But there is a serious implausibility about this defense. People may often be subjectivists in their general outlook, but in particular matters they are not. They may say that everything is relative as far as value-judgments are concerned—like beauty, goodness is merely in the eyes of the beholder. But when they see someone indulging in reckless purchases such as accumulating eight Rolls Royces, as did the late Liberace, or obtaining cocaine or pornographic books, they are perfectly willing to say that, contrary to the economist’s theory, these people do not really benefit themselves in trade but are guilty of fadism, fetishism, excesses, immoderation, and so on.

These people will conclude, if they are without a contrary theory that accepts the legitimacy of ethical criticism of market behavior, that any society that makes it possible for people to be so indulgent must be ethically flawed. People quite reasonably dispute that “[the exchange] process benefits all participants on the market and increases social utility,” at least as they observe the market in their particular situations.

They then go on to share the view of social critic John Kenneth Galbraith that the market produces many failures of distribution—people often fail to benefit themselves and their society when ‘they produce and sell in the free market. Would it not be better that the money spent on pornography or heroin or even Michael Jackson gloves go to medical research, the arts, or economic education? Perhaps they won’t know how to give a thorough philosophical defense of this conviction, but they will nevertheless hold it.

And they are right to do so. Free men and women can indeed make very bad, even evil judgments—there is no guarantee that when people enjoy freedom from the dictation of others, they will always choose to do the right thing. Anyone who proposes this view, as some economists do, will fly in the face of un-shakable convictions and common sense. The very idea of freedom implies that one can do both good and evil while carrying on as a market agent. The details could only be known from close up, but they are no mystery—self-indulgent people are a dime a dozen. Misallocation of resources, therefore, is easy to conceive in free markets.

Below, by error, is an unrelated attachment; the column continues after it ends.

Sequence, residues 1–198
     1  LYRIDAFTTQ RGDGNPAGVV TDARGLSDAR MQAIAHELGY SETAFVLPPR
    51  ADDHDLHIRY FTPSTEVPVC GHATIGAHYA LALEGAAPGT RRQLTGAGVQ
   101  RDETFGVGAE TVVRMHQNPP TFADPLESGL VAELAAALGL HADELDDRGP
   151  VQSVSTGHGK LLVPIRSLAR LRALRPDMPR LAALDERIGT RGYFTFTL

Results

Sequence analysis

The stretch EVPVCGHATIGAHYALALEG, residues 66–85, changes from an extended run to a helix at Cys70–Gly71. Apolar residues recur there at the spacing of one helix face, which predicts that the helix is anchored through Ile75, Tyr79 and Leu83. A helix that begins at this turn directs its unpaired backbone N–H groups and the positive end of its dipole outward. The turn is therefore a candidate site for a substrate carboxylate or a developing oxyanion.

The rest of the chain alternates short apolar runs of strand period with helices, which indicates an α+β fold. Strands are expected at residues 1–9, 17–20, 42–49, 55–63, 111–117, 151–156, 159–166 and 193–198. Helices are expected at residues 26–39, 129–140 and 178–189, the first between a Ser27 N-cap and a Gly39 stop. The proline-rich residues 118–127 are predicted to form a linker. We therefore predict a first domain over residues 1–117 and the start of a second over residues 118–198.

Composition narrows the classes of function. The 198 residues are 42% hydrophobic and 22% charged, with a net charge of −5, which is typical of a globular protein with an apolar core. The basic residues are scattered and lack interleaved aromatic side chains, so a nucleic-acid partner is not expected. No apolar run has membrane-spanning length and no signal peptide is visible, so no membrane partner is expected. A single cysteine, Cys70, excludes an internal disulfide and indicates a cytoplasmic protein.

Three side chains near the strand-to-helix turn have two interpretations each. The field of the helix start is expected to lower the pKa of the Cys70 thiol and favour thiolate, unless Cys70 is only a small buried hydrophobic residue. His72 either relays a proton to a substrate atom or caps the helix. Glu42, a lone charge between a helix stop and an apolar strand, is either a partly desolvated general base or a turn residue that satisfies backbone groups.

But does this not concede the case to those who wish to intervene in the market?

Not by a long shot. First of all, just as market agents can make bad judgments, so can those who would intervene with the behavior of market agents. And there are fewer pressures on these latter than on the former, since they enjoy “sovereign immunity” (e.g., government regulators cannot be sued when a mishap occurs in an industry they regulate, as is clear from recent accidents in airline transportation, chemical manufacturing, and so on).

But even more important, it is meaningless to talk of good human conduct without freedom. Persons who are fully or even only partially enslaved—dictated and forced to behave by others—simply cannot be given credit for good or evil conduct. They are in effect reduced to the status of robots.

Thus an unfree system is to the extent of its lack of freedom a dehumanized system. What needs to be accepted is that the utopian dream of making people perfect through limiting or regulating voluntary, self- regarding conduct is a dangerous dream, not some beautiful ideal as many suppose.

So the market must be seen as the best that we can do. Whatever failures it is exposed to can only be resisted by education, exhortation, example, but not by coercion. It will not do to deny that it is open to failure, as economists sometimes do, or to try to eliminate the failures by state intervention. And this should not be surprising—the quintessential human characteristic, after all, is our capacity for good or evil. Why should we expect any different from such a perfectly human enterprise as the pursuit of economic welfare? []

Ideas On Liberty

Only in Individuals

Society lives and acts only in individuals; it is nothing more than a ,certain attitude on their part. Everyone carries a part of society on his shoulders; no one is relieved of his share of responsibility by others. And no one can find a safe way out for himself if society is sweeping towards destruction. Therefore everyone, in his own interests, must thrust himself vigorously into the intellectual battle. None can stand aside with unconcern; the interests of everyone hang on the result. Whether he chooses or not, every man is drawn into the great historical struggle, the decisive battle into which our epoch has plunged us . . . .

Whether society shall continue to evolve or whether it shall decay lies—in the sense in which causal determination of all events permits us to speak of freewill—in the hand of man. Whether Society is good or bad may be a matter of individual judgment; but whoever prefers life to death, happiness to suffering, wen-being to misery, must accept society. And whoever desires that society should exist and develop must also accept, without limitation or reserve, private ownership in the means of production.

—Ludwig von Mises,


  • Tibor R. Machan is an Emeritus Professor in the Department of Philosophy at Auburn University and formerly held the R. C. Hoiles Chair of Business Ethics and Free Enterprise at the Argyros School of Business & Economics at Chapman University.